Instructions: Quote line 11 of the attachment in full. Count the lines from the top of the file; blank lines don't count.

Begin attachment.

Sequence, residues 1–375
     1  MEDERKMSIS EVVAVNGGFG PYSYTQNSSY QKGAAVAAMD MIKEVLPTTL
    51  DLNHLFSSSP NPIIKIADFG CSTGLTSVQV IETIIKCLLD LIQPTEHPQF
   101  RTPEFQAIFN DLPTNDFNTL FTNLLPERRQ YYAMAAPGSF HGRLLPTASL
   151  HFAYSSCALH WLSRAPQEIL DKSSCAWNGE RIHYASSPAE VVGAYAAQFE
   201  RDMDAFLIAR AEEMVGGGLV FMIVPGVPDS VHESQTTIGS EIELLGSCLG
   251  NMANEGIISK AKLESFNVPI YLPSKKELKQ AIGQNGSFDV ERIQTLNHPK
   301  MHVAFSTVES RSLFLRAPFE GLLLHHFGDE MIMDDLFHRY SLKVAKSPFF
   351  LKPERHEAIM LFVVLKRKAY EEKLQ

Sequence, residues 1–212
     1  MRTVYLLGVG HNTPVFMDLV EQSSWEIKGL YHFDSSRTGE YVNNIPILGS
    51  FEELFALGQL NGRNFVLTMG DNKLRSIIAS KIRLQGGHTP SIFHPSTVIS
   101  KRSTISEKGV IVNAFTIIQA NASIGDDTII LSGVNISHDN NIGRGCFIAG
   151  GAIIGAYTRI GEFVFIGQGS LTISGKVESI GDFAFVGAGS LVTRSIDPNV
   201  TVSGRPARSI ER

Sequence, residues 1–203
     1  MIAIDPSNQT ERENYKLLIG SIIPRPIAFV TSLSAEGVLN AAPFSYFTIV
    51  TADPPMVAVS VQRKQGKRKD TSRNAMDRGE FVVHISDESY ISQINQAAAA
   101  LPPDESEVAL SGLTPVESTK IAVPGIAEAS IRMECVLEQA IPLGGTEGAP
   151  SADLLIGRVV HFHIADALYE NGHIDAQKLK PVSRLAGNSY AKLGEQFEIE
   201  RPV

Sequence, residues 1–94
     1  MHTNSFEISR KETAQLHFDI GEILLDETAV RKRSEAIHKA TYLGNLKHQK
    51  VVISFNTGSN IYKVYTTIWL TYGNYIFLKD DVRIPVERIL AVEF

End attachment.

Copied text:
     1  MRTVYLLGVG HNTPVFMDLV EQSSWEIKGL YHFDSSRTGE YVNNIPILGS